Interviews normally take place between November and April, and usually, most candidates will have received decisions by May / June – but you can be on a waiting list. Your place will be confirmed once you get the grades you need in August.

Medical School

Each medical school teaches in different ways, but everyone comes out as a doctor at the end!

In general, the first two years of medical school in the UK are mainly spent in structured teaching: lectures, small groups, dissection labs and more. You learn about the body and about health, making sure you have a knowledge base before you start putting it into practice in a clinical setting. Many medical schools offer some clinical time in these years too.

The next three years of medical school are usually spent ‘on placement’, shadowing doctors in hospitals and community medicine to see real patients and learn on the job. You rotate around lots of different medical and surgical specialties to learn about each one. At the end of medical school, you usually get a chance to travel abroad on an elective and experience medicine somewhere else too.

In the UK, you can also complete an intercalated degree in your time at medical school, taking a year out to earn a separate degree in a related subject you’re interested in.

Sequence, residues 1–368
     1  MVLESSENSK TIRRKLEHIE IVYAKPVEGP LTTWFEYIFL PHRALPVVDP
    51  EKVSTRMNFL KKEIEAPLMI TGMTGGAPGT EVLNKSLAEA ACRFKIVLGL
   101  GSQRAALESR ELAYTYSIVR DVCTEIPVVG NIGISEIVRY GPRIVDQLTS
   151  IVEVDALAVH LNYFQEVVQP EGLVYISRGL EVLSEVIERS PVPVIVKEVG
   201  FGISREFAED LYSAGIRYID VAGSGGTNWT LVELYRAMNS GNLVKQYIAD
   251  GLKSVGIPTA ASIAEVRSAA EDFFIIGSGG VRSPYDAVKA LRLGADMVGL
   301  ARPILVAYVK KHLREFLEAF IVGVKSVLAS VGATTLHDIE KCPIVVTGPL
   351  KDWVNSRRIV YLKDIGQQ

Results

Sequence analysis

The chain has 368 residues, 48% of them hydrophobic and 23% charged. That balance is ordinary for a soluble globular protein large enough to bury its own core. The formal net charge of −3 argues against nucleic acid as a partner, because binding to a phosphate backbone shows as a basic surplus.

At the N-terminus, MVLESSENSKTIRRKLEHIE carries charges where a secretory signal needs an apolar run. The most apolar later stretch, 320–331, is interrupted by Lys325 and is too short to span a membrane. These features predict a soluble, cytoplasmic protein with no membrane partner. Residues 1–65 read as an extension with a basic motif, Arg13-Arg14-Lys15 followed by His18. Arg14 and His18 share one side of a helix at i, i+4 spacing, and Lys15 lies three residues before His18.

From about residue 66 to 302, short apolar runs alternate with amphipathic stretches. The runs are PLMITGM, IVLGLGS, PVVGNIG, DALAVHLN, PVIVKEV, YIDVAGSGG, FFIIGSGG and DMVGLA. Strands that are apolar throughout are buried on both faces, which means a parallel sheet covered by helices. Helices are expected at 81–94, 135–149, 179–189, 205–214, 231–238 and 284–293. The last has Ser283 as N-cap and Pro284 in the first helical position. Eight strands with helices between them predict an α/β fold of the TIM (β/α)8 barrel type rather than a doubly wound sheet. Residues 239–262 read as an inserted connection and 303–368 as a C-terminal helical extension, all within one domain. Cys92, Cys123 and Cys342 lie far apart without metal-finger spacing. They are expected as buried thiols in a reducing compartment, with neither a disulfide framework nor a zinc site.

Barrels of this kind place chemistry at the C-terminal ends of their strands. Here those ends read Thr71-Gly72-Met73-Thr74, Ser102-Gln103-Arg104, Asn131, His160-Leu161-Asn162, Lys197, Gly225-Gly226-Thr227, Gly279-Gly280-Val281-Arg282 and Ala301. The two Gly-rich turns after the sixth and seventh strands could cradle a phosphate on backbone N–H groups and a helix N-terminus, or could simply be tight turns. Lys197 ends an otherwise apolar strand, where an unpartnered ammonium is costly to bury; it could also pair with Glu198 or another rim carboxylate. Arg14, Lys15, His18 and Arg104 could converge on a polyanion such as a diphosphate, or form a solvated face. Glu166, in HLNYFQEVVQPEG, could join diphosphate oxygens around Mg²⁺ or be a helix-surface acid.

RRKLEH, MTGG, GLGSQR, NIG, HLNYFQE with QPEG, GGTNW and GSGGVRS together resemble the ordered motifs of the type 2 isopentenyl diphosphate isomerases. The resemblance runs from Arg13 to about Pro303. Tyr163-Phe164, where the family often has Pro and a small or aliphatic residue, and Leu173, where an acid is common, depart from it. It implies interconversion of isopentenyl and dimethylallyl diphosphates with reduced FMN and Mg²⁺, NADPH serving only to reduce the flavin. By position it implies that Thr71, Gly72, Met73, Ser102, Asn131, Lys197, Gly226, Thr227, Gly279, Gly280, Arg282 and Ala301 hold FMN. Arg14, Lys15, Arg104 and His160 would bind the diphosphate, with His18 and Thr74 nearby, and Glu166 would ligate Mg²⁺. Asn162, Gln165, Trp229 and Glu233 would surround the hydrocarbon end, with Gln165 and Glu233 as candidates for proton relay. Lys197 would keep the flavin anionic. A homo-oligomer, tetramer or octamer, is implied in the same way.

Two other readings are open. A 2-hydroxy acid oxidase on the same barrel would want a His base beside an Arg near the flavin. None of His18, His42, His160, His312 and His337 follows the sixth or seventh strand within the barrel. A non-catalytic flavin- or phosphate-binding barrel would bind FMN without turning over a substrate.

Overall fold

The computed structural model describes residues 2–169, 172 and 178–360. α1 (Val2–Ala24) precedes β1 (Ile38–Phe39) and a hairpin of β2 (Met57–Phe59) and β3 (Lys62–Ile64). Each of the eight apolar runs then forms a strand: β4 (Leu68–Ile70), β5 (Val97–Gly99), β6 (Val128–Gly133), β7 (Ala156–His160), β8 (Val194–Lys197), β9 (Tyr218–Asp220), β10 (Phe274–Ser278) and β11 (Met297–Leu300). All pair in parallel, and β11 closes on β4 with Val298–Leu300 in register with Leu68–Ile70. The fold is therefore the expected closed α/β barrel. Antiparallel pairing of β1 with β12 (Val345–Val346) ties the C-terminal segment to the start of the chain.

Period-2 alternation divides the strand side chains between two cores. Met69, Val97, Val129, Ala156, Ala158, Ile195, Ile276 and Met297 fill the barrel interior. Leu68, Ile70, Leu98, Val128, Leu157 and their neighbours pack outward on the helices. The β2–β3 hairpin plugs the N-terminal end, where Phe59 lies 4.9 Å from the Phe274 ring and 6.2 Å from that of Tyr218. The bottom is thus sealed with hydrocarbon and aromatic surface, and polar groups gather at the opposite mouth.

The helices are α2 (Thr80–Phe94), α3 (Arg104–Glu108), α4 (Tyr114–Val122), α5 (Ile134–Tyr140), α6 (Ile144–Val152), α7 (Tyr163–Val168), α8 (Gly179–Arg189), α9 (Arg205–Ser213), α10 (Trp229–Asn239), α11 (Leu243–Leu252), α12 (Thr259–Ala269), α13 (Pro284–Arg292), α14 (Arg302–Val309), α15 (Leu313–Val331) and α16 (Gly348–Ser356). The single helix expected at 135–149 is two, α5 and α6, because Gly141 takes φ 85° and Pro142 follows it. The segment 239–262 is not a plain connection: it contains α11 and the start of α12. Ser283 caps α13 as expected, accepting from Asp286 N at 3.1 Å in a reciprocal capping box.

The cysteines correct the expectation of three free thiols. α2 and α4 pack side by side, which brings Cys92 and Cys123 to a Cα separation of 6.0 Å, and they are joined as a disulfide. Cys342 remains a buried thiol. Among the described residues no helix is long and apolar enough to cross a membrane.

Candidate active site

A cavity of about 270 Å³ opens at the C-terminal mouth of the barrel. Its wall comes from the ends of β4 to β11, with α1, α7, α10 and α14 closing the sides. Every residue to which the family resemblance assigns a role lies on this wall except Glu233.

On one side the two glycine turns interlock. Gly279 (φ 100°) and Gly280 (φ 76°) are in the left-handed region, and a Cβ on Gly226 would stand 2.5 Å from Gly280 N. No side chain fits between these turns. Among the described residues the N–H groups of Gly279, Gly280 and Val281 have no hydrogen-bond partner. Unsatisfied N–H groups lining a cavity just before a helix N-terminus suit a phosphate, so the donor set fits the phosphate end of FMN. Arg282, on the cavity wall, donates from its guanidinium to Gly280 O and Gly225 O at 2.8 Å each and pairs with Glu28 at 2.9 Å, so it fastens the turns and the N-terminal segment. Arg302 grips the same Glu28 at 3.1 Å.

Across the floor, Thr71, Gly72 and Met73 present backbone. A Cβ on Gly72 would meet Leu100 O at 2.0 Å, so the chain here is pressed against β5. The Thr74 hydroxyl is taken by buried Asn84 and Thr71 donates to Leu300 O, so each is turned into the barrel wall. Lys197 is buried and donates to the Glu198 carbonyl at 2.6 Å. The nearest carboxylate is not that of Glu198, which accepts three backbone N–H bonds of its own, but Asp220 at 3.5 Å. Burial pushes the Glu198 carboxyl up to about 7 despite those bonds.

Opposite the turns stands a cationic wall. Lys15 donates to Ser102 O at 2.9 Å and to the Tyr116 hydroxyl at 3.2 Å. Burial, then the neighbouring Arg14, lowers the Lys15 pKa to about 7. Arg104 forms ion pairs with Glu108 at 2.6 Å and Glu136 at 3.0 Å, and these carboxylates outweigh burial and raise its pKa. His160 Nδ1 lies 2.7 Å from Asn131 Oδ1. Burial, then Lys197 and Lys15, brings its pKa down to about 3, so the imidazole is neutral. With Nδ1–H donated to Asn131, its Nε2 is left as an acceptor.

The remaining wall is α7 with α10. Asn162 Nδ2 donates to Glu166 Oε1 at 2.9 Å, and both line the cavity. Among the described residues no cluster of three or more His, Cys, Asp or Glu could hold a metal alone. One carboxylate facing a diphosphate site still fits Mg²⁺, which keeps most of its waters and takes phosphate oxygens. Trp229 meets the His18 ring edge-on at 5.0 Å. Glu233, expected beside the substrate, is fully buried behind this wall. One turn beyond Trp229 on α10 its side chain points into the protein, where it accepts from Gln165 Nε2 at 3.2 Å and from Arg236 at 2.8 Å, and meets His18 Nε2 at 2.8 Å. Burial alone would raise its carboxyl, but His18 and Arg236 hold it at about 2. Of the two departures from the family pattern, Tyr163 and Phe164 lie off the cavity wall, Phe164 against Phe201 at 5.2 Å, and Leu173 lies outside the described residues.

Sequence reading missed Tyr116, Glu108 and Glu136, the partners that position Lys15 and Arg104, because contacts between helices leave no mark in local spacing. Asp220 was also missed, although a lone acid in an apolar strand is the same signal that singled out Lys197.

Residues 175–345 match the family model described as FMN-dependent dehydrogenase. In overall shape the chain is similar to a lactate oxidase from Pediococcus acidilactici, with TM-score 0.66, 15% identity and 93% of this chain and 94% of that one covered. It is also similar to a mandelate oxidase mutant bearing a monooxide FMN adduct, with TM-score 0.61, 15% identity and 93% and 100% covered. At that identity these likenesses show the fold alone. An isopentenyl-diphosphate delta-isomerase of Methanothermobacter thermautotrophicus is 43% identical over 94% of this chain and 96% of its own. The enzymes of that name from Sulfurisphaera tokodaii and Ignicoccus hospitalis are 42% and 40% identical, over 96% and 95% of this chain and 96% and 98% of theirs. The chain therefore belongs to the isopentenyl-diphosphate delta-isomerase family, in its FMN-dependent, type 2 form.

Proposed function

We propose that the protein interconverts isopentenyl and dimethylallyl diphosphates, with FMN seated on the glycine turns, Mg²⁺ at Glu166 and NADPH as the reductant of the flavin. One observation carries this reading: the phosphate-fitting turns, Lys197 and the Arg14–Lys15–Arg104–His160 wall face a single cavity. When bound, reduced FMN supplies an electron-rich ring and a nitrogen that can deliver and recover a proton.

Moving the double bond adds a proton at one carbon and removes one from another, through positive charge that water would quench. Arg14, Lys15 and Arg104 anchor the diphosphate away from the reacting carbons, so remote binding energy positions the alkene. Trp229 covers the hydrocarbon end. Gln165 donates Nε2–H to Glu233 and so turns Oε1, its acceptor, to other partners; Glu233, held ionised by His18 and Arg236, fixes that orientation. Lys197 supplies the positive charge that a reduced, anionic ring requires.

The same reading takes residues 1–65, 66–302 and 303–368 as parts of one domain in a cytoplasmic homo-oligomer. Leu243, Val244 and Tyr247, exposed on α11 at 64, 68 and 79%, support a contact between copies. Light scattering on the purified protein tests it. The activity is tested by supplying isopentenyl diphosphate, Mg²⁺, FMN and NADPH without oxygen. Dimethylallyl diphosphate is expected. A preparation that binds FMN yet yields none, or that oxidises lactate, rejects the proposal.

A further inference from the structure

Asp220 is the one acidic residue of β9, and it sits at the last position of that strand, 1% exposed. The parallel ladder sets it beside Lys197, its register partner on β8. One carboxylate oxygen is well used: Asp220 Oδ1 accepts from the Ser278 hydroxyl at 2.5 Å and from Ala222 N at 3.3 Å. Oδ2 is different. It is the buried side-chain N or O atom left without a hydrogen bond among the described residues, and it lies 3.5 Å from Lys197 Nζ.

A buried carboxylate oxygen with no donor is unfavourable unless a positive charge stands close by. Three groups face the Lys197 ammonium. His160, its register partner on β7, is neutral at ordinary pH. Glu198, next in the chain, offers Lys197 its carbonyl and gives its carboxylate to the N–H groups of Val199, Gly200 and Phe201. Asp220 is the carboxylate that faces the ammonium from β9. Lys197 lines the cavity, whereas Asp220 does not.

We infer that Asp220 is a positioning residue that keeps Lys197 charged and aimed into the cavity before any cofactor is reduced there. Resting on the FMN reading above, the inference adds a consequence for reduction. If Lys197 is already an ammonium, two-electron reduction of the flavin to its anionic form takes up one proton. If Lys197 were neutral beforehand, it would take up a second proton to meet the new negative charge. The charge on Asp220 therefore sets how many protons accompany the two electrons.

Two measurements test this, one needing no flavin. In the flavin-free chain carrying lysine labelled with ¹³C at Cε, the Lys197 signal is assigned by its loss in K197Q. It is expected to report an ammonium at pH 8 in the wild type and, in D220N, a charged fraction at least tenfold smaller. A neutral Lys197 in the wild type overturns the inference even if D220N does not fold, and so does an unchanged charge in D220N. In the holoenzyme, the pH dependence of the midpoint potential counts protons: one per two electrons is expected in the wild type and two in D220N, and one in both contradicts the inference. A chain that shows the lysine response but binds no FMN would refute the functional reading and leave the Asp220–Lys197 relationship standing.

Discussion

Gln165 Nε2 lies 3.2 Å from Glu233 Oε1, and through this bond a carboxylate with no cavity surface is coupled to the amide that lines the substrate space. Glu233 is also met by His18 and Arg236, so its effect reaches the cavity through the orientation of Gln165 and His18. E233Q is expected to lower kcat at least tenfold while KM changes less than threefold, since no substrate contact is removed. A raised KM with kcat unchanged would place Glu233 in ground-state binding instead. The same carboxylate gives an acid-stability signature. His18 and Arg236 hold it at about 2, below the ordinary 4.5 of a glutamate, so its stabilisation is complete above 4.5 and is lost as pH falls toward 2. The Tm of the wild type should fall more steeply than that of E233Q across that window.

Specialty Training and Specialisation

Once you finish medical school, you’re a doctor! But it doesn’t end there…

In the UK, after you complete medical school, you spend two years completing the Foundation Programme, working in different areas of medicine to get more experience. You apply to the areas you most want to work in and get allocated to a job based on your preferences and a random number score.

After that, you can take a break and work in teaching, management or as a doctor but not training. Or – you can start specialising!

You can apply to two kinds of training programmes. Some are run-through, where you apply after Foundation and then train in that specialty without reapplying (like General Practice or Paediatrics). Others make you apply to core medical or surgical training, and then again to a specific specialty (like Cardiology, Infectious Disease, or most surgical specialties). 

Specialty training can take from three years (GP) to eight years (paediatrics), or longer with breaks (say to have a child or get a higher degree like a PhD), or if you work less than full time. If you’re not sure what you might want to do, try our specialty quiz here.

As you go through all of this, you’ll keep completing exams and learning more about your specialty, getting more and more specific as you go. At the end, you can apply for consultant-level jobs, which is a local process – you just apply for the job you want, and hopefully, get it.